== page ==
Hawaii sharks are sacred – unless you kill them
Quote of the month from a politician on Maui: "Councilwoman Jo Anne Johnson says the bill is a sign of respect for native Hawaiians who consider sharks to be sacred."
Quote of the month from a politician on Maui:
“Councilwoman Jo Anne Johnson says the bill is a sign of respect for native Hawaiians who consider sharks to be sacred.”
Far too many politicians in Hawaii have jumped on a recent fear-based, anti-shark diving campaign and begun regurgitating spoon fed and completely inane talking points to whoever will listen, revealing in the process how little they understand what goes on in the waters of Hawaii.
Councilwoman Jo Anne Johnson is a classic example of this.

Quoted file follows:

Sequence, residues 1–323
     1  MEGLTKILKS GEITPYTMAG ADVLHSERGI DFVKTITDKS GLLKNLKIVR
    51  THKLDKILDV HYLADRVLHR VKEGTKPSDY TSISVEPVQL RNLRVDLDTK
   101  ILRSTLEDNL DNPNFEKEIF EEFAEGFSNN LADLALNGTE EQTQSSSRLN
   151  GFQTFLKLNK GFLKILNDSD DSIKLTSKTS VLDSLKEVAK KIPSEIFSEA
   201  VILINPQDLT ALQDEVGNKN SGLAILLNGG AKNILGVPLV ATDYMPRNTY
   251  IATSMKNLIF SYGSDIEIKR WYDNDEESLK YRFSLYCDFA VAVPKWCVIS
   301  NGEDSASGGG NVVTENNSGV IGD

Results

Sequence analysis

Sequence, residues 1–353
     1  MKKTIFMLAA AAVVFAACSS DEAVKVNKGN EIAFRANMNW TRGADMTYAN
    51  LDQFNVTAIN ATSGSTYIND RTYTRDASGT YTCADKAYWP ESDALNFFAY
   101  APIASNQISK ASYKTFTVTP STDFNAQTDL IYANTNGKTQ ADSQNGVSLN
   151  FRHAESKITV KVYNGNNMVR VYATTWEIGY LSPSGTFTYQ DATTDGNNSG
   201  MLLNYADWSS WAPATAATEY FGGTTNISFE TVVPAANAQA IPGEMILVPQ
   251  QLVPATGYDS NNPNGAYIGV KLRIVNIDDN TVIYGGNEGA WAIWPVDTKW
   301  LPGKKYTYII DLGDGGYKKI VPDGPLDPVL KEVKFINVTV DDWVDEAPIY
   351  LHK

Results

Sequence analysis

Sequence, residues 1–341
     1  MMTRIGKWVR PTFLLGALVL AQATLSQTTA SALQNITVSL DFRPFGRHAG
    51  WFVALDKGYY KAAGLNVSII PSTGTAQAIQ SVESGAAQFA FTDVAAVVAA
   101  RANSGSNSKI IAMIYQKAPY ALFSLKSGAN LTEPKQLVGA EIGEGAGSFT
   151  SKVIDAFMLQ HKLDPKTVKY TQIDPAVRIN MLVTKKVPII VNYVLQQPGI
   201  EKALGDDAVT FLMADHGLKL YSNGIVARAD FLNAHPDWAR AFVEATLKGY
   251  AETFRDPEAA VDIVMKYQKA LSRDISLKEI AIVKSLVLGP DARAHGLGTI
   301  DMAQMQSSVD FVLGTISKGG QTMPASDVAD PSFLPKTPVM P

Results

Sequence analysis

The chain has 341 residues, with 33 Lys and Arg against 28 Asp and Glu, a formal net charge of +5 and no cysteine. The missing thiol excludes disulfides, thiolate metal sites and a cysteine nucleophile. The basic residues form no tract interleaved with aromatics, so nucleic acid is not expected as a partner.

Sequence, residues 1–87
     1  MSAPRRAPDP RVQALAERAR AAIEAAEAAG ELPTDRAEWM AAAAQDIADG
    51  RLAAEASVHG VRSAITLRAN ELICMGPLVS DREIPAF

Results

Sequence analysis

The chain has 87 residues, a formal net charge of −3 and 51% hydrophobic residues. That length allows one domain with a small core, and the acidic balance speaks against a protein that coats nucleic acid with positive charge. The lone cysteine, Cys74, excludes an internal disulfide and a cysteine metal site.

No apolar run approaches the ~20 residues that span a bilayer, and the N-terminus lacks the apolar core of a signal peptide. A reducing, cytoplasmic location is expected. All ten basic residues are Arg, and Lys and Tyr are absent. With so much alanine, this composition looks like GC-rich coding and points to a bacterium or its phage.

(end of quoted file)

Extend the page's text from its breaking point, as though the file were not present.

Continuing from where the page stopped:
Meanwhile the commercial shark-diving industry on Oahu and around the world is acutely aware of a loop hole that allows hundreds of thousands of sharks fin to be landed in Hawaii, dried and processed in Hawaii, and then shipped out of Hawaii to waiting consumers in Asia.
In most cases these “fresh overseas fins” are in fact taken just outside Hawaiian waters. In some cases within Hawaiian waters.
Hawaii sharks are sacred to Hawaiians according to the councilwoman – unless you want to capture them, cut the fins off live animals and then dump them into the pristine waters surrounding Hawaii.
That’s called business.
Let’s stop the outright hypocrisy. Sharks tourism is good for Hawaii, it does not cause shark attacks, and banning shark tourism is both shortsighted and harmful to Hawaii’s broader economy.
That is unless you happen to be in the shark fin business. The loopholes in that business are making a few non-native residents a killing these days… for as long as the sharks last that is.